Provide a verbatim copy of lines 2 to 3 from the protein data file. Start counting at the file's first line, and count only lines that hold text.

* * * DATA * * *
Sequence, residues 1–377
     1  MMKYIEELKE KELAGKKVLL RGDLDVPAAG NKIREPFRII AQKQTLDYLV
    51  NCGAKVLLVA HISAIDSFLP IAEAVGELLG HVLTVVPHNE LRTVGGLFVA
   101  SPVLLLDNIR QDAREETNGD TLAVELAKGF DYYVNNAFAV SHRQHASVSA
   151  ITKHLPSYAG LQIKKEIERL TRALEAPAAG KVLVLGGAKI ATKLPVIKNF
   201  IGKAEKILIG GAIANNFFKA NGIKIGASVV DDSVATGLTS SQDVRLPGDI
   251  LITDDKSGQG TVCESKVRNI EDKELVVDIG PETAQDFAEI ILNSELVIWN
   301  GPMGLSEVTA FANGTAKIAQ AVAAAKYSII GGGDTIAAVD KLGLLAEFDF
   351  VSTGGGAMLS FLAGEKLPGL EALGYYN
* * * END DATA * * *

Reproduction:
     1  MMKYIEELKE KELAGKKVLL RGDLDVPAAG NKIREPFRII AQKQTLDYLV
    51  NCGAKVLLVA HISAIDSFLP IAEAVGELLG HVLTVVPHNE LRTVGGLFVA